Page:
By Audris G. Hampton, Esq
Posted on 1-17-2014
CATEGORIES: Business Law
I disclosed in Part 1 of this article-series, that the Jumpstart Our Business Startups Act of 2012 (the JOBS Act) eliminated the ban on general solicitation and advertising in the private placement of securities. I also disclosed that Title III of the JOBS Act created a securities-law exemption for the offer and sale of securities through crowdfunding (the CROWDFUND Act).
At the conclusion of Part 1, I referenced the twofold purpose that underlies the CROWDFUND Act: One, Congress intended to facilitate the use of peer-to-peer financing networks, accessible via internet portals; and, two, Congress intended to open up to “non-accredited” investors a financing-market for small, innovative (albeit speculative), business startups.
I advised in Part 1 that I next would focus upon the actual SEC proposals and recommendations. Just prior to publishing Part 1 of this article-series, the SEC issued a press release entitled, “SEC Issues Proposal on Crowdfunding” (2013-227 Washington D.C. Oct. 23, 2013; “SEC Proposal”). That SEC Proposal, and the below-referenced information, are the primary sources from which I derived the informational-content that I reference and disclose in this Part 2 of the article-series.
The JOBS Act established the foundation for crowdfunding. The JOBS Act went into effect on Sept. 23, 2013. On October 23, 2013, the SEC unanimously voted to propose rules that would implement the JOBS Act by providing a regulatory and administrative structure for crowdfunding. The public-comment phase of the proposed Rules closed this past January 2014.
SEC Chair Mary Jo White emphasized that the JOBS Act presents new capital-investment opportunities for small businesses and for a wide range of potential investors. White advised, “There is a great deal of excitement in the marketplace about the crowdfunding exemption, and I’m pleased that we’re in a position to seek public comment on a proposal to permit crowdfunding. …We want this market to thrive in a safe manner for investors.”
The opportunity for public comment upon the rules remained available for 90-days following the October 23, 2013 publication of the rules (in the Federal Register). I derived the following excerpts, explanations, and comments from information that the SEC made available, through the “Open Meeting” process, in developing the FACT SHEET (and Background Information) in support of the October 23, 2013 proposal, publication, meeting, and public-comment process.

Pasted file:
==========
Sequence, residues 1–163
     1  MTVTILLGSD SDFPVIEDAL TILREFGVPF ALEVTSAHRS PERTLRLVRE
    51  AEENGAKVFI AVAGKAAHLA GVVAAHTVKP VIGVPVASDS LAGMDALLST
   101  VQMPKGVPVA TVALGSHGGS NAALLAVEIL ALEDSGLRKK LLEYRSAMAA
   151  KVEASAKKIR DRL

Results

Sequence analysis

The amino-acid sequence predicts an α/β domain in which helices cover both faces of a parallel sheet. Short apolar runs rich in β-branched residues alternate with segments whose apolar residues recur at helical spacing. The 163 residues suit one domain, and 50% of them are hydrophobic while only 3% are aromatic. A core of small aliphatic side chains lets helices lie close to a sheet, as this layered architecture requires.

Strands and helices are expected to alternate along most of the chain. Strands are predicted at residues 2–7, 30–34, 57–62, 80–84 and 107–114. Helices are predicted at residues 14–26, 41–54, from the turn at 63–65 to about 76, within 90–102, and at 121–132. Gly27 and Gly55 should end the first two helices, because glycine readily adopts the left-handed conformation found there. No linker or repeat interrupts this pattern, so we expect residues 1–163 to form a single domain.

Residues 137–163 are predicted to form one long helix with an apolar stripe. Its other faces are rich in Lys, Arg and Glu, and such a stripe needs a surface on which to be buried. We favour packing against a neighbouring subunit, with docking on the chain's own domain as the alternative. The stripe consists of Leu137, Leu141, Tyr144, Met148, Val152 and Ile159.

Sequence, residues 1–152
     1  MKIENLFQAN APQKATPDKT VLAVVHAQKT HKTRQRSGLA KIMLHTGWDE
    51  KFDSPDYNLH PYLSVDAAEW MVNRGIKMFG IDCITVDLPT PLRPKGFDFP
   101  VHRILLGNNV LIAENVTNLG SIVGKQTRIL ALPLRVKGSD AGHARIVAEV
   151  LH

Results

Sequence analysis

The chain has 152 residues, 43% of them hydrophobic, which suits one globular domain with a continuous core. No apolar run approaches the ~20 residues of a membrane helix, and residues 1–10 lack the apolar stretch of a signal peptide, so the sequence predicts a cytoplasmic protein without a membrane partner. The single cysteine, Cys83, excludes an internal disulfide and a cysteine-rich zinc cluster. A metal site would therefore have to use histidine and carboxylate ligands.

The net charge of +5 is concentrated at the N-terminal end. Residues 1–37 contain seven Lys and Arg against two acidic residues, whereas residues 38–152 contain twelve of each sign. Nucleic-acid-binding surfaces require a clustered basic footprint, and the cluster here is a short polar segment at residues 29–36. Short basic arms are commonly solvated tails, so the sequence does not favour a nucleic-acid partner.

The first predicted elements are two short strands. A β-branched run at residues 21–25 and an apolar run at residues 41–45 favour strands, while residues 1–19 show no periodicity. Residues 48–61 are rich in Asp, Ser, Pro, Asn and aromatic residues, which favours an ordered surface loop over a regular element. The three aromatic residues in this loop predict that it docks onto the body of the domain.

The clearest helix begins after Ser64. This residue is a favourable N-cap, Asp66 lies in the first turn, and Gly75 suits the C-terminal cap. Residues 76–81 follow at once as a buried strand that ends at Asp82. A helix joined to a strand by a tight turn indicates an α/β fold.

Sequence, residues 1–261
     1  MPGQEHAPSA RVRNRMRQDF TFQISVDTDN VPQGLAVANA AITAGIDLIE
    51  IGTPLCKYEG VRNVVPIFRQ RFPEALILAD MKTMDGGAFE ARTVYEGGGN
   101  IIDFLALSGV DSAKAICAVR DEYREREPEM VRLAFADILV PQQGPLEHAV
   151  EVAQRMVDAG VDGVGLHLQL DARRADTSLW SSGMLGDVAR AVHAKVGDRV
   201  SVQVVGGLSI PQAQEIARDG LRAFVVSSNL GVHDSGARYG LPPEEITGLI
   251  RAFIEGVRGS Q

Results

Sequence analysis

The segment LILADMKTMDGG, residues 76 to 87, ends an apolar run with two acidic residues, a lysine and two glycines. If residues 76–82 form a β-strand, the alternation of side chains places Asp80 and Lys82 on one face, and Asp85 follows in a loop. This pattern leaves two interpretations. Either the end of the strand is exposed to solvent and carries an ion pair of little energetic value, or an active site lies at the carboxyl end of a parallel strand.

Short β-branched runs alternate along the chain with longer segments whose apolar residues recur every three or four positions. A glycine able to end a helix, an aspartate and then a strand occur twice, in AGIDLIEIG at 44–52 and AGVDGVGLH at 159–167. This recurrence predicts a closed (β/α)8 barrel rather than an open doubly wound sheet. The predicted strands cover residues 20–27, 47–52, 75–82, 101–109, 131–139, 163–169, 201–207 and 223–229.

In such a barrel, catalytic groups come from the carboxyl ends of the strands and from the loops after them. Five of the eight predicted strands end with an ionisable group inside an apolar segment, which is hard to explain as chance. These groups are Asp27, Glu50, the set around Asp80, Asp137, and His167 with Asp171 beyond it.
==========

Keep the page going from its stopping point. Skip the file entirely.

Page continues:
Title III of the JOBS Act establishes a foundation for a regulatory structure that permits small businesses to utilize crowdfunding. The exemption requires the SEC to write rules to implement the exemption; and the exemption establishes a new entity, the “funding portal”, through which intermediaries, acting through internet-based platforms, may facilitate the offer and sale of securities, without being registered “brokers”. Congress intends for these combined measures to facilitate capital-raising by small businesses, while providing significant protections to investors.
The proposed rules:
(1) permit individuals to invest (in accordance with certain thresholds);
(2) limit the amount of money companies can raise;
(3) require companies to disclose certain information about their offers; and
(4) create a regulatory framework for the intermediaries (broker-dealers and funding-portals) that facilitate the crowdfunding transactions.
Certain companies would not be eligible to use the crowdfunding exemption.
Ineligible companies include:
(1) non-U.S. companies;
(2) companies that already are SEC-reporting companies;
(3) certain investment companies;
(3) companies that are disqualified specifically under the proposed disqualification rules;
(4) companies that have failed to comply with the annual reporting requirements in the proposed rules; and
(5) companies that have no specific business plan or have indicated their business plan is to engage in a merger or acquisition with an unidentified company or companies.
Title III of the JOBS Act prohibits the reselling of securities, purchased in a crowdfunding transaction, for a period of one year from the date of purchase/investment. However, the holders of these crowdfunding-securities are not “counted’ in the (number-of-holders) threshold that requires a company to register with the SEC under Section 12(g) of the Exchange Act.
The proposed rules will impose upon companies conducting a crowdfunding-offering the obligation to file with the SEC, provide to the actual investors, and provide to the intermediary that is facilitating the crowdfunding-offering, certain information which the companies also must make available to potential investors.
One of the key investor protections that Title III of the JOBS Act provides for crowdfunding is the requirement that crowdfunding transactions take place through an SEC-registered intermediary, either a “broker-dealer” or a “funding-portal”. Under the proposed rules, the offerings will be conducted online, exclusively, through a platform operated by a registered broker-dealer or a funding portal, which will be a new type of SEC registrant.